Infrastructure in the region is key to increasing capacity. While Baoshan and Shanghai in China are working on increasing the number of terminals and berths and Japan is doing more, the Australian city of Sydney is making disappointing progress. “Right now, the Australians are the most frequent cruising citizens of any country, but what is missing is an infrastructure solution, either in Sydney Harbour or outside it,” Goldstein explains. “So far there have not been any opportunities that have come to fruition. We remain stuck.”

While growth of the India market has been relatively small for RCL compared to China, the size of the wealthier part of the population means that it is a source market in the group’s sights. “It has not emerged, but it can in the future,” Goldstein comments.

Since the early days, RCL has been a pioneer in terms of newbuilds – for example it introduced gas turbines to new ships in 2000. Following its innovative spirit, the company held a major event in November 2017 to launch Sea Beyond (named Excalibur in-house), which encompasses both the digital passenger experience and ship technology. The goal is for the former to be rolled out on 50% of the fleet by the end of this year, and to 100% by 2019. “We will be adding capabilities as we go forward,” says Goldstein. “The new ships will feature everything Excalibur has to offer at the time they come out.”

In terms of ship technology, fuel cells and LNG are in the spotlight. “We have been working very hard to use as little energy as possible,” notes Goldstein. “Our 2020 goal is to use 35% less energy per person per night to move people around the ocean than in 2005. LNG [with the Icon-class] and fuel cells are a tantalising possibility.”

Looking to the future, Goldstein says: “I think our biggest challenge, as we have seen in the recent years, is the unpredictability of events and trying to be ready for what might happen, not knowing what that might be. Whether events are geopolitical, natural or whatever, that is probably the thing that typically causes the most nervousness in our country. However, I think we are a resilient industry.”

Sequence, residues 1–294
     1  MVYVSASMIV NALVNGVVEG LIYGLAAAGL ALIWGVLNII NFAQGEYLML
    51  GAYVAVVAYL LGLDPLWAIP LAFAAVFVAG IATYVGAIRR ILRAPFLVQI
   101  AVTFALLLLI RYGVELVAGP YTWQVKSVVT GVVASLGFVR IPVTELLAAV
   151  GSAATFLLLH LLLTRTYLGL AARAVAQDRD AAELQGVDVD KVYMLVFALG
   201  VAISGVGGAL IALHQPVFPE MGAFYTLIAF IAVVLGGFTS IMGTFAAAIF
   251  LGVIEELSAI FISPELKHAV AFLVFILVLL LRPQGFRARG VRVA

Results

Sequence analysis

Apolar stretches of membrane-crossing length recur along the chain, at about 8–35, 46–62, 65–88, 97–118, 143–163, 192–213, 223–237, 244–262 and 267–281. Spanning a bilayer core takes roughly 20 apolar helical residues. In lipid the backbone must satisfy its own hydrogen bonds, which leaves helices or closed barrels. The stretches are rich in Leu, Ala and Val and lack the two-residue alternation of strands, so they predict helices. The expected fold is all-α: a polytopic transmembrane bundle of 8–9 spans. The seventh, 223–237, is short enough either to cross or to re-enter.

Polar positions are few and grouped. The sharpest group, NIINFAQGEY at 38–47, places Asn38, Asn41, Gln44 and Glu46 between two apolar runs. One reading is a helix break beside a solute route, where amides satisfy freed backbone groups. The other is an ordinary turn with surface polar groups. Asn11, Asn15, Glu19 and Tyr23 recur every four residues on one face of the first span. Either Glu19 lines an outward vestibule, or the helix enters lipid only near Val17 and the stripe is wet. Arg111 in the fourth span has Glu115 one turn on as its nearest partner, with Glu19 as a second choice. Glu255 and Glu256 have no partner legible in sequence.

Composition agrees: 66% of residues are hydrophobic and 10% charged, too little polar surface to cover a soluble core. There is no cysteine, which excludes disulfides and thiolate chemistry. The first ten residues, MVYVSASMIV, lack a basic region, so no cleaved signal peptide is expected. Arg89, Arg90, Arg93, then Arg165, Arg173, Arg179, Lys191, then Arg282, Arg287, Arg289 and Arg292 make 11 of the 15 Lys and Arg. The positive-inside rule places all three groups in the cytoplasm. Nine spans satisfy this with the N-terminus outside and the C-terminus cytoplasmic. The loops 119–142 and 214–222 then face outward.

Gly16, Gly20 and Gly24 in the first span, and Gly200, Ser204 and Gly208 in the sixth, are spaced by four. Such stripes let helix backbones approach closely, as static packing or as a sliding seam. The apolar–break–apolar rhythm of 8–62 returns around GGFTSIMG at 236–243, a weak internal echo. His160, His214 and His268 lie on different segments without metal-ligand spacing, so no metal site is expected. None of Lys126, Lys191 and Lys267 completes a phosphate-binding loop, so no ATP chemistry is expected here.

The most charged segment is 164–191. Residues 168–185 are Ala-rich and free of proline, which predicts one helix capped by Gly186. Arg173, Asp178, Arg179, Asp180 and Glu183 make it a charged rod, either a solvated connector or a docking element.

The recent devastation to a number of Caribbean islands caused by the autumn 2017 hurricanes and the industry’s involvement in helping to restore operations has demonstrated an ability to meet such challenges. “For the destinations that were impacted by the storm it was very, very difficult and in the residential areas of some of the islands it still is,” explains Goldstein. “The Florida-Caribbean Cruise Association has really been stressing that the Caribbean is open for business generally, not just for cruise. Our ships have now returned to St Maarten, St Thomas and San Juan in Puerto Rico successfully.” A major positive to arise from the extreme difficulties was the cooperation of the cruise industry and the destinations. Goldstein says: “One outcome is that the strength of our relationships with those destinations has never been better. It was a real coming together.”

 

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Susan Parker
By Susan Parker
Monday, July 9, 2018